Festivals are places for people to see acts they know and love, and places to discover new artists.
With one song out now and a debut album due soon, Bassh is decidedly on the discovery side of the equation. And this summer, the duo has been getting in front of audiences at events that include Saturday’s MoonTower Music Festival in Lexington’s Masterson Station Park.
“We love playing festivals, because it’s usually a lot more fun than club shows,” says Irishman Jimmy Brown, who partnered with North Carolinian C.J. Hardee to form Bassh. “You run around and meet a lot of people, it’s summertime and a lot of fun.
“I love going out and playing, so I don’t really play differently for any crowd. I don’t make music for anyone else but myself, and I don’t try to please people with what I do, and if people like it ... that’s whenever it becomes a real high-energy event, whenever you can engage people and they’re really into it.”
People have been getting into the group’s first song, “Body,” a lush record with touches of Police-like guitar that has a gritty base in Hardee’s backing vocals.
The record has been around since last fall, but Bassh’s roots go back much further, with the Columbia Records band Matrimony, fronted by Brown and his wife, Ashlee Hardee Brown (who, you might have guessed, is Hardee’s sister), Hardee and their brother Jordan Hardee on drums. The group’s last album was 2014’s “Montibello Drive,” and Brown describes the group’s status as hiatus.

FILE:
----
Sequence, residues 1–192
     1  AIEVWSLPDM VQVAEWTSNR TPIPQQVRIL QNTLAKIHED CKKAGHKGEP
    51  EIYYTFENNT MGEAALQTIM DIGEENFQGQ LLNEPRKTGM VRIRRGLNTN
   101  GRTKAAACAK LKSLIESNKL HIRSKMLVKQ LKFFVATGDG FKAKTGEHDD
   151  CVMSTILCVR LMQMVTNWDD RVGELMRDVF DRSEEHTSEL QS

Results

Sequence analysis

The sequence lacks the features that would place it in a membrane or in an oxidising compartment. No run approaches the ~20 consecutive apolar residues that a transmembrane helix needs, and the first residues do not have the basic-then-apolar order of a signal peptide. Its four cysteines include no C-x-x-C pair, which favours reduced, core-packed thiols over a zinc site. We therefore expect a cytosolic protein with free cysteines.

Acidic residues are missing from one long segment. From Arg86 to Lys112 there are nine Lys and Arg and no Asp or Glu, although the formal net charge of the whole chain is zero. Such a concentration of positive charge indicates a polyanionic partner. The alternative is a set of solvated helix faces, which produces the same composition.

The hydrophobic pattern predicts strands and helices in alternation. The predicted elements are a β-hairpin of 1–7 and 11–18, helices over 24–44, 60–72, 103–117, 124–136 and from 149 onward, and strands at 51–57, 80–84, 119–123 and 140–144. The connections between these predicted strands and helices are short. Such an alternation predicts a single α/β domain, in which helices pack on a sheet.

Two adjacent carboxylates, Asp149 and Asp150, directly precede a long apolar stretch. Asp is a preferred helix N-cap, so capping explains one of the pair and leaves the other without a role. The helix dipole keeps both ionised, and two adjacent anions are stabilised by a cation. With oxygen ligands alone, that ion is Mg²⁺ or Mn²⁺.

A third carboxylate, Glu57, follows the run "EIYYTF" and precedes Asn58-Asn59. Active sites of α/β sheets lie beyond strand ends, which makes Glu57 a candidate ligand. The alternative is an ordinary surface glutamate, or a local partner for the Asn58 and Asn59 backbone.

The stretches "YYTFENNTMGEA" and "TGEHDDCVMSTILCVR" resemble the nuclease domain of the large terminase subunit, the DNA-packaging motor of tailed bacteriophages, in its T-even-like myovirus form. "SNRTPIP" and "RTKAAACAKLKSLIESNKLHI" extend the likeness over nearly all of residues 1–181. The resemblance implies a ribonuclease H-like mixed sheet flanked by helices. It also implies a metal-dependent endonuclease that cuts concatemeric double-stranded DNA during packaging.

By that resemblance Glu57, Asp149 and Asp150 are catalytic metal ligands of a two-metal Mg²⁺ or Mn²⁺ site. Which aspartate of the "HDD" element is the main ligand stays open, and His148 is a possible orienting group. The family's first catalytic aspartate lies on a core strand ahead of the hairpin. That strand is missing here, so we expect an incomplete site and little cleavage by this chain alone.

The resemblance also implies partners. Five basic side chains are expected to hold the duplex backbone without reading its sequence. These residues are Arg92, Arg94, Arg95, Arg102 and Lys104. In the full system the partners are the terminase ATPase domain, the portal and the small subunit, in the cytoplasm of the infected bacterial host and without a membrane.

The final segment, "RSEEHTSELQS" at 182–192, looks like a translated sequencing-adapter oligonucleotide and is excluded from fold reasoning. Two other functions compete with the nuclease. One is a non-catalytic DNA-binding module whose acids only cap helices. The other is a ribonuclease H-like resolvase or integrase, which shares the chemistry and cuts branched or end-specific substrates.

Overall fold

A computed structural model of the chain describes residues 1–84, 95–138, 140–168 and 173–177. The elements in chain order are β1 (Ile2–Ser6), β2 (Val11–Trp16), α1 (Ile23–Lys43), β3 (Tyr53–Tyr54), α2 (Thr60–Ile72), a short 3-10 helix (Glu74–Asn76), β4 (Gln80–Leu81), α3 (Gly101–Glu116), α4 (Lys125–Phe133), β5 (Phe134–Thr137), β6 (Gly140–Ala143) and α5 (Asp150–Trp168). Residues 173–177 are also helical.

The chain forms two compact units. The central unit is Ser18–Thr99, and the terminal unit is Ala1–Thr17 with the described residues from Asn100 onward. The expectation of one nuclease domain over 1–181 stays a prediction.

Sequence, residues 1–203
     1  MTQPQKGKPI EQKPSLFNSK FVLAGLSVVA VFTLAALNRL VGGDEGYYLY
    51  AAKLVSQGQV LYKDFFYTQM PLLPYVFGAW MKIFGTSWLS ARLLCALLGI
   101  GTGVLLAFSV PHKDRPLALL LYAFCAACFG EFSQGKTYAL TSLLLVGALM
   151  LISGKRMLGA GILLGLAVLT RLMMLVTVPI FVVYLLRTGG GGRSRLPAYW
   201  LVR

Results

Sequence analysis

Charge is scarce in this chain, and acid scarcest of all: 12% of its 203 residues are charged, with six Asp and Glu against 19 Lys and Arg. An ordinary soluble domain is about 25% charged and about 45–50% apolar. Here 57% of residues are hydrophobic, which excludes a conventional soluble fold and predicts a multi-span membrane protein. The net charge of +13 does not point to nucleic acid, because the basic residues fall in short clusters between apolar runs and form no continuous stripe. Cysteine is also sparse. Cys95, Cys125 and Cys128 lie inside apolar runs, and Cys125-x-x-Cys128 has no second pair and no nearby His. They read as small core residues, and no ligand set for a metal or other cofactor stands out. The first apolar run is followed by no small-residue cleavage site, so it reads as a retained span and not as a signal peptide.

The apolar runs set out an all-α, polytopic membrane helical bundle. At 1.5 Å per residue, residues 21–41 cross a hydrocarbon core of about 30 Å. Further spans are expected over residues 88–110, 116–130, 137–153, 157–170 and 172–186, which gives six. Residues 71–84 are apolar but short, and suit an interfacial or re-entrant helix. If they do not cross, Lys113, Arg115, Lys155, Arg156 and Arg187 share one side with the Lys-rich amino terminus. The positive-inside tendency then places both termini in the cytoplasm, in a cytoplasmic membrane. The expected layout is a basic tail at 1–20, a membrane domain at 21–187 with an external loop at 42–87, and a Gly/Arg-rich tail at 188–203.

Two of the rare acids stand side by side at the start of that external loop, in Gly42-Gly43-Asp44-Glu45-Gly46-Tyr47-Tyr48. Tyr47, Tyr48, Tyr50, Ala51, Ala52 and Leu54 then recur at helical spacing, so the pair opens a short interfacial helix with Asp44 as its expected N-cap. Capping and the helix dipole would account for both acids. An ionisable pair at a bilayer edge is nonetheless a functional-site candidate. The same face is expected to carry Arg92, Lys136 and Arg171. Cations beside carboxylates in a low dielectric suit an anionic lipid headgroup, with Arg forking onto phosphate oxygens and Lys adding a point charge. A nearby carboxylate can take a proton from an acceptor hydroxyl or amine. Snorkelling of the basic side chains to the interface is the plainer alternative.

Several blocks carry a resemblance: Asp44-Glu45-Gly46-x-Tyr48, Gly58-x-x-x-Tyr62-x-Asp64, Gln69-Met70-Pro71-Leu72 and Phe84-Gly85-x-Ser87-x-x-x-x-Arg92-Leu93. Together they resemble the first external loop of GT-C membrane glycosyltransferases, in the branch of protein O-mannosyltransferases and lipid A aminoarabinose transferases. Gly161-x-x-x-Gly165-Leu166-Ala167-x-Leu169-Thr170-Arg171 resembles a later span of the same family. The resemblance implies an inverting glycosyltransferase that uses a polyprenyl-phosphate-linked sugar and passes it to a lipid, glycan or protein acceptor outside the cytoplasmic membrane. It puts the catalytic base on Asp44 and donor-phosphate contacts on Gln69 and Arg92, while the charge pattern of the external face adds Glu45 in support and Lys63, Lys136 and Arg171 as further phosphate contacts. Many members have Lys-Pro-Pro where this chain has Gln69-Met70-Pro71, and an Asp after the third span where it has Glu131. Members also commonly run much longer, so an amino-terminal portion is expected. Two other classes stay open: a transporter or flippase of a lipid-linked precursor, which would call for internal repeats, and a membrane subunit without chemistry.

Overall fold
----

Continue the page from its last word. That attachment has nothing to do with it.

“Our focus is on Bassh at the moment, and we haven’t thought about Matrimony the last year and a half,” Brown says.
He says the brother-in-law duo emerged when he and C.J. started writing songs, and they clicked.
We didn’t really have an agenda; we just made the record. We just had a real blast doing it, and there were no rules; just be crazy and creative doing it, not worrying about what sound it is.
Jimmy Brown of Bassh
“We knew we had a project together,” Brown says.
They got a guiding hand in Bill Reynolds of Band of Horses, who in some early accounts of the group was billed as a member of Bassh, although the group is now promoted as a duo.
“We didn’t really have an agenda; we just made the record,” Brown says. “We just had a real blast doing it, and there were no rules; just be crazy and creative doing it, not worrying about what sound it is. This was a great opportunity to explore and break new ground, I guess, for ourselves.”
The success of “Body” persuaded Brown and Hardee to continue writing and recording, with an album planned this fall.
“There’s one song in particular called ‘Night Moves’ that we’re getting ready to put out,” Brown says. “It’s a song that’s a major big-brother to ‘Body’ but has even more of our influences. It’s a song we’re really psyched about and excited for people to hear.”
The MoonTower audience gets to listen in Saturday.